BEAST Attack on SSL
In Sept. 2011 security researchers demonstrated how a previously known CBC encryption weakness could be used to decrypt HTTP data over SSL. The attack was named BEAST (Browser Exploit Against SSL/TLS). As with previous man-in-the-middle SSL vulnerabilities, the attack is generally considered a very low risk for individual browsers as it requires the attacker to have control over the network. Additionally, in this specific exploit they will also have to have a mechanism to elicit known HTTPS responses from the client. Most MatrixSSL users do not fall into the category of vulnerable uses.
- MatrixSSL 3.2.2 - Released on October 7th, version 3.2.2 includes a fix to thwart this attack for client implementations. The solution has been implemented internally to the library and uses an IV obfuscation technique by breaking up each application data record in two. The first being just a single byte of the plaintext message, the second containing the remainder. This is the same approach the Chrome team at Google introduced in their solution to the issue. This fix is enabled by default for clients that are using SSLv3 or TLS1.0 coupled with a CBC block cipher.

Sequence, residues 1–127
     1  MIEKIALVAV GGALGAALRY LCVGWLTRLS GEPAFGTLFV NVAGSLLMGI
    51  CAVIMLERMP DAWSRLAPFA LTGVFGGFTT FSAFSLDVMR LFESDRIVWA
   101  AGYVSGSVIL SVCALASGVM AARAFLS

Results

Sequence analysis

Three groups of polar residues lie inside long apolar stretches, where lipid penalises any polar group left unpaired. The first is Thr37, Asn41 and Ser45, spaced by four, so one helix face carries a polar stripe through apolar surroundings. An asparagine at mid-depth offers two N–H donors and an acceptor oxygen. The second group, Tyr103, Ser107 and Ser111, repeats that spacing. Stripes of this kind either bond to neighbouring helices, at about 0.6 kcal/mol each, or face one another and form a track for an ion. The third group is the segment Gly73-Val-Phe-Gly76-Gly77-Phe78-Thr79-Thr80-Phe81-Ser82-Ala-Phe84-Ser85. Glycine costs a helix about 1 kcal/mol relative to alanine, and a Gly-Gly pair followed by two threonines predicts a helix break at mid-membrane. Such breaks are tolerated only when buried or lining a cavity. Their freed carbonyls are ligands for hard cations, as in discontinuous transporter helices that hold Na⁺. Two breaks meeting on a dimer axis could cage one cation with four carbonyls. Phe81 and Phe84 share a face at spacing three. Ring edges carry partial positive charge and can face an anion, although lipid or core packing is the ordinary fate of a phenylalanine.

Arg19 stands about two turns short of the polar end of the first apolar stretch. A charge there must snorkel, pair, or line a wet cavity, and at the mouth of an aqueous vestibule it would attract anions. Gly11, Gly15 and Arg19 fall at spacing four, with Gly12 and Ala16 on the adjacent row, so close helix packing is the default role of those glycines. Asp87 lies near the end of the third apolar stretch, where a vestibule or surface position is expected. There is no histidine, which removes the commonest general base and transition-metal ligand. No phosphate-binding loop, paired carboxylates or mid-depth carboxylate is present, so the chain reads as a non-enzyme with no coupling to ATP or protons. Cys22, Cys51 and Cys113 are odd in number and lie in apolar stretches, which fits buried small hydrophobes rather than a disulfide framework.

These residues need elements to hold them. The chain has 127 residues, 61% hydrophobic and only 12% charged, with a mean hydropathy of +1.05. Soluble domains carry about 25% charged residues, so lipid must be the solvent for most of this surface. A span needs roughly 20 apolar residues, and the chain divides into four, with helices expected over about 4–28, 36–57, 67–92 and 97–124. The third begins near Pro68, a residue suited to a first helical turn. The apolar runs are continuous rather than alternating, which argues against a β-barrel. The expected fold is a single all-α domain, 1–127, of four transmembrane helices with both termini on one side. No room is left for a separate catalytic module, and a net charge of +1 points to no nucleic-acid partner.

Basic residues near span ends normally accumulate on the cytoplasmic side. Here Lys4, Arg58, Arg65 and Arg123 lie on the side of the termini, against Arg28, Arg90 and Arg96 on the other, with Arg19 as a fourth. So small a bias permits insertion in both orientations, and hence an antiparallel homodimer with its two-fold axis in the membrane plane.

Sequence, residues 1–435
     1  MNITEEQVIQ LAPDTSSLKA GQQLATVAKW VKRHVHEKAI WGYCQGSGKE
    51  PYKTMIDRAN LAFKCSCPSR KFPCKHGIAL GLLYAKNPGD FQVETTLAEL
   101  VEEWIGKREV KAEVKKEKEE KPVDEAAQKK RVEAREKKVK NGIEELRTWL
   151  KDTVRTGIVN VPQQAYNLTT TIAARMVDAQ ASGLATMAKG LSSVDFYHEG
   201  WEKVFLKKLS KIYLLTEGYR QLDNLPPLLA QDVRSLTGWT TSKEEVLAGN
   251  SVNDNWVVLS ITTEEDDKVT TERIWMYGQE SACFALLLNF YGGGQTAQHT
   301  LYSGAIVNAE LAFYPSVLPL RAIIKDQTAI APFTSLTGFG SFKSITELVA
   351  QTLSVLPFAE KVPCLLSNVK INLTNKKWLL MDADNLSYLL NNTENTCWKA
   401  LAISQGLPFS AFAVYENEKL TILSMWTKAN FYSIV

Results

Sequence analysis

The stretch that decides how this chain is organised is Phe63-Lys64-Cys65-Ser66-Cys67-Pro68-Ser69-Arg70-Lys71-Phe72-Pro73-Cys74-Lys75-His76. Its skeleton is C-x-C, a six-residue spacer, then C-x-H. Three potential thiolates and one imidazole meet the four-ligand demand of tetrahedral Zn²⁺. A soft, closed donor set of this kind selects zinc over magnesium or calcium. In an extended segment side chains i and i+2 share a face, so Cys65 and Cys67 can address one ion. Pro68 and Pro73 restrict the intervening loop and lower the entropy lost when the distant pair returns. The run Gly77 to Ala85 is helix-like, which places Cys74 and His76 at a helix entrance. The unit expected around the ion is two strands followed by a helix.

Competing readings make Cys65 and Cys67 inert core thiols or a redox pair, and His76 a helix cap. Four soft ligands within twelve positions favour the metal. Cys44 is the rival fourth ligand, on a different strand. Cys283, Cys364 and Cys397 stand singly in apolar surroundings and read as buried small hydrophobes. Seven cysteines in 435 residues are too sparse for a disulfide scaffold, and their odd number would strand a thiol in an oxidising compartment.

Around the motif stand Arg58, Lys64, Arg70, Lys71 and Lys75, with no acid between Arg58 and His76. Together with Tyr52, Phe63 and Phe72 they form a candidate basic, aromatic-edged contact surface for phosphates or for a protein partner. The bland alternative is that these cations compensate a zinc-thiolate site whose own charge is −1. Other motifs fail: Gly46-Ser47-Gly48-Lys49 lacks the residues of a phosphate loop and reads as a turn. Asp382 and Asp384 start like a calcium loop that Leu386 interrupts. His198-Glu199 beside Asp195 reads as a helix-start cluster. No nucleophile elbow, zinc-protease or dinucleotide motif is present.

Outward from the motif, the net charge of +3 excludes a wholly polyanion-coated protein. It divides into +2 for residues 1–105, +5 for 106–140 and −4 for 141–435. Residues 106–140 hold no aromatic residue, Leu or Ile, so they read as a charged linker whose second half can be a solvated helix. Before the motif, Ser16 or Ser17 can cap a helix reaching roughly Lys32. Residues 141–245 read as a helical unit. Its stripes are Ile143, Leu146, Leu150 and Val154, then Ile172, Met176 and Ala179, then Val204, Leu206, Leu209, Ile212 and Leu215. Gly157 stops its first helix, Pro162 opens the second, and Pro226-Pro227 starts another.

- MatrixSSL 3.2.* - This exploit can also be thwarted simply by using TLS protocol version 1.1 or by using a cipher suite that implements a stream cipher such as SSL_RSA_WITH_RC4_128_SHA. TLS 1.1 is enabled by default in MatrixSSL 3.2 and above and will be negotiated to if the peer also supports that version.
- All MatrixSSL Versions - A zero length record proceeding a data record has been a known fix to this problem for years and MatrixSSL has always supported the encoding and processing of empty records. Current MatrixSSL users can manually add this fix to existing versions by simply calling matrixSslEncodeWritebuf with a 0 length prior to encoding the actual application data. It should be noted that some SSL implementations do not handle 0 length records and this is the primary reason this solution did not become widespread.